Scott Jones, Ducati Corse
Sometimes the guy in 6th place gets there with such style that his story is more compelling, more inspiring, and more enjoyable than the victor's. For me, the biggest story of Silverstone 2012 starts at least as early as Donington in 2008. James Toseland showed up to his home race in his rookie G.P. year to find the expected amount of media attention. It seemed in the days leading up the race that Toseland was on every front page in the country, and it also seemed impossible for any literate person in the U.K. not to know he was the local boy in the coming race at Donington Park. Not shy on courage, Toseland wore the English flag on his shoulders, literally, by appearing on Sunday in custom white leathers adorned with the red cross of St. George.
What unfolded as the race began was painful to watch, even as a foreigner. Toseland charged into the first turn at Redgate and crashed. He gathered himself and his bike up and continued on, far behind the race for the victory, but was cheered as he made his lonely way from grandstand to grandstand. At least local hopes for a good result had not been made to suffer for long.
Having worked directly with Max Biaggi, Casey Stoner, Nicky Hayden and Valentino Rossi, to name only a few, Federica De Zottis’ experience in Grand Prix motorcycle racing is truly unique. For the past five years she has worked closely with the Ducati Team riders, her current main responsibility on race weekends being to assist with the press duties of Valentino Rossi. When I approached her about the possibility of an interview, she was kind enough to invite me to the Ducati hospitality at Estoril to share her story.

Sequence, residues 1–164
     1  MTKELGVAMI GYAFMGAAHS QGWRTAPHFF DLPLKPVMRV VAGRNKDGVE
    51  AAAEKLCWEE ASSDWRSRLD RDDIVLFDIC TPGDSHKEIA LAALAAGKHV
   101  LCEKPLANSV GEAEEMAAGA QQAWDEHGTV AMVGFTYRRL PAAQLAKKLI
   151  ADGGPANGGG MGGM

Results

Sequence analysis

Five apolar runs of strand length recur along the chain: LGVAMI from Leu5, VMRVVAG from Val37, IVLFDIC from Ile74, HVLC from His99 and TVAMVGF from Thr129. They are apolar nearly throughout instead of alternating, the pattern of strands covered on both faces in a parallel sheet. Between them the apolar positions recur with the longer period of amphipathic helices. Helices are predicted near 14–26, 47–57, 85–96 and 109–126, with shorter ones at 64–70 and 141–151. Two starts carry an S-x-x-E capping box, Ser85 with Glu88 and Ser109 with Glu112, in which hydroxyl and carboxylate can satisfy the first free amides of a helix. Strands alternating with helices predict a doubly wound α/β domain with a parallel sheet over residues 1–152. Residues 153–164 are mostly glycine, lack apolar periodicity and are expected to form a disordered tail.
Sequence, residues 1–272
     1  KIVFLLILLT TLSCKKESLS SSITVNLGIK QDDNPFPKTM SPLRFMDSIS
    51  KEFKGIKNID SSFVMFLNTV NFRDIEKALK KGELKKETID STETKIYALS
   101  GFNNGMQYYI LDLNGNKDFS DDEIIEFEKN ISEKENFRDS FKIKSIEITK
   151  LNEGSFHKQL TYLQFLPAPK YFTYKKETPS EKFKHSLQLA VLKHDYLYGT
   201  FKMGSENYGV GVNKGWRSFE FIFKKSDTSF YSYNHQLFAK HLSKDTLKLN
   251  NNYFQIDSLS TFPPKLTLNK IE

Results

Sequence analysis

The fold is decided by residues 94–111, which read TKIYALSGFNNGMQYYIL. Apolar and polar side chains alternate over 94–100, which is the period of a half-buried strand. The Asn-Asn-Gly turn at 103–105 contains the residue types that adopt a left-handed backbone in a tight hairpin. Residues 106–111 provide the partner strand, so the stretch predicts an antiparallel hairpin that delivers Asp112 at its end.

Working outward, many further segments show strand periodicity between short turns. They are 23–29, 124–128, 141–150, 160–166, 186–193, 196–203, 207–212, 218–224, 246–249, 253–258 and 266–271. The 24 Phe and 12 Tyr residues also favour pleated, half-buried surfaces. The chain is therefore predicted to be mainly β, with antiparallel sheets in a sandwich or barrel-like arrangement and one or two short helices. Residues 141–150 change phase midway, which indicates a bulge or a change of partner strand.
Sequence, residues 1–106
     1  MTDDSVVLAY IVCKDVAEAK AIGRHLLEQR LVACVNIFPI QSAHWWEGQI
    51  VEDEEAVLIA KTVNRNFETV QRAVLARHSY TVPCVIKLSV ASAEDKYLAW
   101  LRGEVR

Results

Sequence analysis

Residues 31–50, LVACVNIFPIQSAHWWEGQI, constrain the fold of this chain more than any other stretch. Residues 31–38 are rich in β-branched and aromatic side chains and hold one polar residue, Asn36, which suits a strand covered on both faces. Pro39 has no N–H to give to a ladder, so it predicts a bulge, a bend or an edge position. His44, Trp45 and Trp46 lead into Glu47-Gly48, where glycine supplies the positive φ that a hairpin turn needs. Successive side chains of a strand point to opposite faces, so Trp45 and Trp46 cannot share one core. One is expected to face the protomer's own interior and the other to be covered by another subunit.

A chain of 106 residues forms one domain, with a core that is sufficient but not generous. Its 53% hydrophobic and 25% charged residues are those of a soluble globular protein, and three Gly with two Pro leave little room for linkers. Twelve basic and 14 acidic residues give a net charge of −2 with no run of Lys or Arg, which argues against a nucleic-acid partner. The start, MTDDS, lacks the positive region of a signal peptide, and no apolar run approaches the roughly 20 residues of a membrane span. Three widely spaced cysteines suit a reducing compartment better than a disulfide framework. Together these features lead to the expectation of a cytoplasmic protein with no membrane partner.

Scott Jones: Federica, you're currently MotoGP Press Manager for Ducati Corse. Could you please describe your job for us?
Federica de Zottis: My job is split into two parts, the part that I do in the office in Bologna, and the part that I do here [in the MotoGP paddock]. Of course they are linked together, but during the winter I spend most of the time at the office.
The longer I get to work in the MotoGP paddock, the more it strikes me how many talented people contribute to the show by working behind the curtain while a small percentage of personalities get most of the media attention. Rhys Edwards, whom you may recognize from his frequent position in Casey Stoner’s seat during shots of the Respol garage, is one of many people I’ve met who manage to perform roles of great responsibility while remaining friendly, approachable and warm individuals. When I learned something about his background in Formula One, I assumed he would have an interesting story to tell about his career and how he arrived at HRC, and he was generous enough to let me ask him some questions about his experience during the final GP weekend at Estoril.
Scott Jones: Rhys, you’re Communications and Marketing Manager at Honda Racing Corporation. Many of our readers may not know exactly what that means, so could you give a brief description of your role at HRC?
When I entered the media center at Losail a few weeks ago, I happened to be thinking about how many people contribute to our enjoyment of MotoGP. From the journalists who write the background stories and race reports, to photographers who show us things we can't see on video, to the large number of people who produce the TV feed, each has his or her role in bringing us closer to the racing and increasing our enjoyment of what we see.
Years ago I was an avid bicycle racer, very much inspired by watching Greg Lemond take on the world in a sport dominated by Europeans. The TV broadcasts featured the commentary of a man named Phil Liggett, who still works as one of the main voices of cycling broadcasts in English. Liggett's enthusiasm and passion for cycling are inseparable from my experience of watching those 1980s Tours de France (and every one since, in fact), and he has stuck in my mind as someone who will be, for many, as big a part of the events he described as the events themselves.